Missing the twiddly bits?

A 3D printing project has taken the cost out of Baroque detailing

Could the inherent flexibility of 3D printing spark a return to more ornate and flamboyant forms of architecture?

That’s the question posed by architects Michael Hansmeyer and Benjamin Dillenburger with their Digital Grotesque project, which is thought to be the world’s first ever 3D printed room designed to echo the complex organic detailing of the Baroque period.

The project began as a commission from FRAC Centre in Orléans, France, for the practice to design and construct a grotto. It developed a software algorithm able to generate a complex form for the grotto that appears simultaneously synthetic and organic. Over the course of one month the design was 3D printed in large chunks, using a combination of sand and a binding agent, then assembled in just one day.

The resulting structure is both disturbing and reminiscent of HR Giger, famous designer of the sets in the movie Alien, while also being evocative of aspects of Renaissance and Baroque architecture. In addition, the structure is very robust with a similar compressive strength to solid sandstone.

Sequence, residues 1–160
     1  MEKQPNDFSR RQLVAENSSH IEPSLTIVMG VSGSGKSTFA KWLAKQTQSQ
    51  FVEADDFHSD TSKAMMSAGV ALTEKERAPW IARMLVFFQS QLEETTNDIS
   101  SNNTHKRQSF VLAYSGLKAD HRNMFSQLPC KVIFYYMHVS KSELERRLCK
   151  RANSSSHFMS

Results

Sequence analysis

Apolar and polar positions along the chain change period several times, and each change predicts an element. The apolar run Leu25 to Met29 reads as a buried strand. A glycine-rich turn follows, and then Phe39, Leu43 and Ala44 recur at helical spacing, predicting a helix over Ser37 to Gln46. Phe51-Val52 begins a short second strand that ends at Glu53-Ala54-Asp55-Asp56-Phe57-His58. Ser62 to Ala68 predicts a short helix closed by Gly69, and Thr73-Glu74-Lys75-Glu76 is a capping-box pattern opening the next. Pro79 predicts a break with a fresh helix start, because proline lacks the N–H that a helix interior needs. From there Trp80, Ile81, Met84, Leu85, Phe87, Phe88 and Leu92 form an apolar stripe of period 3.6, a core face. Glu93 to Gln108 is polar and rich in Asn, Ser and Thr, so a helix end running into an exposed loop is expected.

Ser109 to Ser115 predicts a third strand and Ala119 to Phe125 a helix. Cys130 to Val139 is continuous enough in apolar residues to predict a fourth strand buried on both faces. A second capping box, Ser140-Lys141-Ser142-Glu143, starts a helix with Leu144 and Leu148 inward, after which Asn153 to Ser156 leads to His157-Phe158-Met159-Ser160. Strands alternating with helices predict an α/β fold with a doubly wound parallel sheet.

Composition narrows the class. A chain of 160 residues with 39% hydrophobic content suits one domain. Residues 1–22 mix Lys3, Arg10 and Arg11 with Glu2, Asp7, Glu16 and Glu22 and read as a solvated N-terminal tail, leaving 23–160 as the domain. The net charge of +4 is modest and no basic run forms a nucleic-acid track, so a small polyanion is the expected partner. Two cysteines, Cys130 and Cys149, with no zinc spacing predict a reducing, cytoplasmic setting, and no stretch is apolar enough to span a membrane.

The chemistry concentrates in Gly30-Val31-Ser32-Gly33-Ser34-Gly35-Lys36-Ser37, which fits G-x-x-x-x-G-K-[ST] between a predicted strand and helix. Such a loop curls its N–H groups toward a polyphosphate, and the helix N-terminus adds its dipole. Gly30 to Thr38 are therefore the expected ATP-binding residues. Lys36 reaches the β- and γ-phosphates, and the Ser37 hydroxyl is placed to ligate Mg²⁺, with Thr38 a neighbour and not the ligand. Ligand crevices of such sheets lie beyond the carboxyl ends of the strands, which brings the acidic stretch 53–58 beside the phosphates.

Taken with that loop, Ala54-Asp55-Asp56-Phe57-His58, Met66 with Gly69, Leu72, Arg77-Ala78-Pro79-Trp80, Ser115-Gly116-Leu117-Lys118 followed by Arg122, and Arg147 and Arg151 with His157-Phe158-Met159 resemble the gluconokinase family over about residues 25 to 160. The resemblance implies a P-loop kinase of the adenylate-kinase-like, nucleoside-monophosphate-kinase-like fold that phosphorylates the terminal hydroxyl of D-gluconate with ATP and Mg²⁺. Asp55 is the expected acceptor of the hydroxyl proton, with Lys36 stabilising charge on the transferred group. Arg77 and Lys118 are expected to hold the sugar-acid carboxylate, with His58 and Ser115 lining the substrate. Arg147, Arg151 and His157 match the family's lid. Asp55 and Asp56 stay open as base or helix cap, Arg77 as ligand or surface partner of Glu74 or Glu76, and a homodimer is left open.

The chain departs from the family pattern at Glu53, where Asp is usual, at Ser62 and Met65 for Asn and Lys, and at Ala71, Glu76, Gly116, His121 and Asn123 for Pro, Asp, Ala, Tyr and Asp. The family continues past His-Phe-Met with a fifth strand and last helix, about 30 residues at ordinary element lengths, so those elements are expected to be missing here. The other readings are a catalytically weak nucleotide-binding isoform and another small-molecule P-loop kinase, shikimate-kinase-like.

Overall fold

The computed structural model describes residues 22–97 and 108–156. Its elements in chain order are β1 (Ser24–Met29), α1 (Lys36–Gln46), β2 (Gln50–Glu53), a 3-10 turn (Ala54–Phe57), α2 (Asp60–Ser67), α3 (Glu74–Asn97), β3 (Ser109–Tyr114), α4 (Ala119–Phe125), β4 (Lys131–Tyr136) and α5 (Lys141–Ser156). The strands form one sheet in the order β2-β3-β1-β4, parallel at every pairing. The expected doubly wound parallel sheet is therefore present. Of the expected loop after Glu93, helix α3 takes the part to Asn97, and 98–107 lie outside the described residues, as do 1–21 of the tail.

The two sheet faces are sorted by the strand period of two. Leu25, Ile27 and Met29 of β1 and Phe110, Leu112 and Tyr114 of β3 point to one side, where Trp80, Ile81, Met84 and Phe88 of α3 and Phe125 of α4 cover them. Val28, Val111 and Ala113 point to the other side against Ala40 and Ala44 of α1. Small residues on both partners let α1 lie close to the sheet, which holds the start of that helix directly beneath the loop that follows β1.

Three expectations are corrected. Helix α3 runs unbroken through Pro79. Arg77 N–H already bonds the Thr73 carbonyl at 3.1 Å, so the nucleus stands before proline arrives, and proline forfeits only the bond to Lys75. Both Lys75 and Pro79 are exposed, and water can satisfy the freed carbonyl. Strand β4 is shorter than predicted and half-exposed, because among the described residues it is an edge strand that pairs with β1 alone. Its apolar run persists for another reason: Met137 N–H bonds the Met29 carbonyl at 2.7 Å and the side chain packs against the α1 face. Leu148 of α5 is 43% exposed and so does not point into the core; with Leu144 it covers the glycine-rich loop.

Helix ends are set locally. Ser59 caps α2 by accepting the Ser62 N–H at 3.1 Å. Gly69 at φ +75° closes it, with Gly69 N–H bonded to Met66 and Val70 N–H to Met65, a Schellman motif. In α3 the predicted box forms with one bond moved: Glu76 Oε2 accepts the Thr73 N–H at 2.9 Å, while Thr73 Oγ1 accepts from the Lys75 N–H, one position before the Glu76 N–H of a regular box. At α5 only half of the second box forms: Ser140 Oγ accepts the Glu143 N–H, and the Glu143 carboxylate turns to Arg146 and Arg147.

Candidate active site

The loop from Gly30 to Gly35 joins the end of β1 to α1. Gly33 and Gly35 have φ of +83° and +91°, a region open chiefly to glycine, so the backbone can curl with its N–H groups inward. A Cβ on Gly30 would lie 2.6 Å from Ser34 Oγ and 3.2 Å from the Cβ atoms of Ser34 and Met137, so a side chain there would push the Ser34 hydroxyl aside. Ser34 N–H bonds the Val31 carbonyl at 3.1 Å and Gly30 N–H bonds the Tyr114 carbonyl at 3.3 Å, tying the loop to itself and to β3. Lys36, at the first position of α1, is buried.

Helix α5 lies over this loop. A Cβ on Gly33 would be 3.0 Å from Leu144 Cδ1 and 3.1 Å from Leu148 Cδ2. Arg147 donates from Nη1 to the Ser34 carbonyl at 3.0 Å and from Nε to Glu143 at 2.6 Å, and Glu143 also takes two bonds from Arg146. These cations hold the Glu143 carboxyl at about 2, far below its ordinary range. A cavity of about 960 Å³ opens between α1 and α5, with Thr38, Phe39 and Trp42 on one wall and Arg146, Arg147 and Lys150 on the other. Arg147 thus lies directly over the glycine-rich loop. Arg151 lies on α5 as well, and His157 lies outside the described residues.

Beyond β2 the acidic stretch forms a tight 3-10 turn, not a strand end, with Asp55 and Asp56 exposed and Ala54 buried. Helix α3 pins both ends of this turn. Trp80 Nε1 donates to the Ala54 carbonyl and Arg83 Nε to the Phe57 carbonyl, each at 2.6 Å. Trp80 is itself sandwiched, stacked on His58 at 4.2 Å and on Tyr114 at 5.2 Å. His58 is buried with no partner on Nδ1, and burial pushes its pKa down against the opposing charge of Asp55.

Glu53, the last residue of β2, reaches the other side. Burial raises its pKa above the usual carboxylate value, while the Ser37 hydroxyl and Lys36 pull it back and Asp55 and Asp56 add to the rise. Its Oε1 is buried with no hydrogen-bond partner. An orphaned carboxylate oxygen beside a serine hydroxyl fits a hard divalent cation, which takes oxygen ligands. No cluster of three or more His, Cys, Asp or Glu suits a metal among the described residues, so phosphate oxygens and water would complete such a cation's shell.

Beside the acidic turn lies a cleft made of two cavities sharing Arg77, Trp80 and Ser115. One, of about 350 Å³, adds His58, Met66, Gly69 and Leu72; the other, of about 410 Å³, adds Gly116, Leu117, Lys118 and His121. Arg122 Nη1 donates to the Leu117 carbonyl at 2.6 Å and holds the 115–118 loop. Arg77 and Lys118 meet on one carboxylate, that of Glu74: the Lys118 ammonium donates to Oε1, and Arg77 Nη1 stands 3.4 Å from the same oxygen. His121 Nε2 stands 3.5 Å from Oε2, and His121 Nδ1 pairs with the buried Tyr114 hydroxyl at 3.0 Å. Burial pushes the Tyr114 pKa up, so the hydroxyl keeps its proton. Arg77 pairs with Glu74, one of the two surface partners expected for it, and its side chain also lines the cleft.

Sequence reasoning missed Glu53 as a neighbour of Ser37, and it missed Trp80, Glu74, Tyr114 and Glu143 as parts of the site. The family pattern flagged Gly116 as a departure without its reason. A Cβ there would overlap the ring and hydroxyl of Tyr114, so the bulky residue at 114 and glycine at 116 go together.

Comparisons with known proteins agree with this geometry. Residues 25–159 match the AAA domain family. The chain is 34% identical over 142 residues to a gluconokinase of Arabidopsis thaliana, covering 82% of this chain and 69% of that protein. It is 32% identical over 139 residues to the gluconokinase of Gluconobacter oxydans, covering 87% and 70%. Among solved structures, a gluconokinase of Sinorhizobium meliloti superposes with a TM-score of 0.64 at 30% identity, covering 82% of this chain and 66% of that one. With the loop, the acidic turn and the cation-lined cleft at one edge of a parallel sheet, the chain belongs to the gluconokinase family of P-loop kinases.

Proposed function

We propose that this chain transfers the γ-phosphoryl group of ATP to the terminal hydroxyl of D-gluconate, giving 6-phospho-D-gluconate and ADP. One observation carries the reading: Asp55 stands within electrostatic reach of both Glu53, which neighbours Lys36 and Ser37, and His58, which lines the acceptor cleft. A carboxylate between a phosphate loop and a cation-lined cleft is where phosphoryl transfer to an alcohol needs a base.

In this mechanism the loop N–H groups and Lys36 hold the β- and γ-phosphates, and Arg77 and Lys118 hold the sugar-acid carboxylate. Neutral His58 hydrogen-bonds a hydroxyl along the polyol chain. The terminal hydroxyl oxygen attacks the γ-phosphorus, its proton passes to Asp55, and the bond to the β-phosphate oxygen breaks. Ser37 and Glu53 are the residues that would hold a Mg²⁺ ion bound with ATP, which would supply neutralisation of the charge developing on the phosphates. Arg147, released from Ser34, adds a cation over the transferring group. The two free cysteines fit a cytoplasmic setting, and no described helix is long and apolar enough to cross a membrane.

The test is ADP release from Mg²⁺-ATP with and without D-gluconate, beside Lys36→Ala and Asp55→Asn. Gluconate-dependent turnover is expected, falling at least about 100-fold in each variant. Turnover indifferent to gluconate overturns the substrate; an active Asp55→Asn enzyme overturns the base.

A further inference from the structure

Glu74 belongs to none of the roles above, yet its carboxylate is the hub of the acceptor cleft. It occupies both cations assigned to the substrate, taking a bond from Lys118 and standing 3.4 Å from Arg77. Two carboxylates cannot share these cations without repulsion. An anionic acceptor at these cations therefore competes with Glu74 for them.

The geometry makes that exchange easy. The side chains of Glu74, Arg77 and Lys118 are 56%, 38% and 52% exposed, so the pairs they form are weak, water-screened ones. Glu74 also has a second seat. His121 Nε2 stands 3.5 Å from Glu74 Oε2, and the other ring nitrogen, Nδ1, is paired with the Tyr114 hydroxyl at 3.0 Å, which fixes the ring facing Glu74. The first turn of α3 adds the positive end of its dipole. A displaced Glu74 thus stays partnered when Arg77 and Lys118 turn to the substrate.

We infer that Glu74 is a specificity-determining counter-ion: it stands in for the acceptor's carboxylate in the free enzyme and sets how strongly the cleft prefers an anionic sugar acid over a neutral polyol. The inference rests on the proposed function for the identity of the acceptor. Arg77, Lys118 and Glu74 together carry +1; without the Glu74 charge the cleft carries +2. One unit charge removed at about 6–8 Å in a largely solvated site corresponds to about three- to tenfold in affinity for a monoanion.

Hansmeyer told RIBA Journal: ‘The algorithms we use involve a dialectic between the man-made and natural. The forms they produce are potentially grotesque and hard to describe within existing categories: they appear strange and familiar at the same time, there is a sense of chaos and a sense of order, yet it is difficult to deduce what its system of order is – ie how it was designed or created.’

The project highlights the potential of 3D printing to free architectural design from the constraints of existing manufacturing processes and their associated costs. The architects argue that the move into additive manufacturing could signal a move away form mass fabrication and standardisation in architecture towards a pre-modern condition of bespoke and highly individualised designs.

'When 3D printing in sand it costs exactly the same to print the most elaborate form imaginable as it does to print a plain box’ said Hansmeyer. ‘And it costs the same to print 100 completely individual forms as it does to print the same form 100 times. For the first time, there is no cost for complexity, no cost for ornament, and any kind of form can be produced.’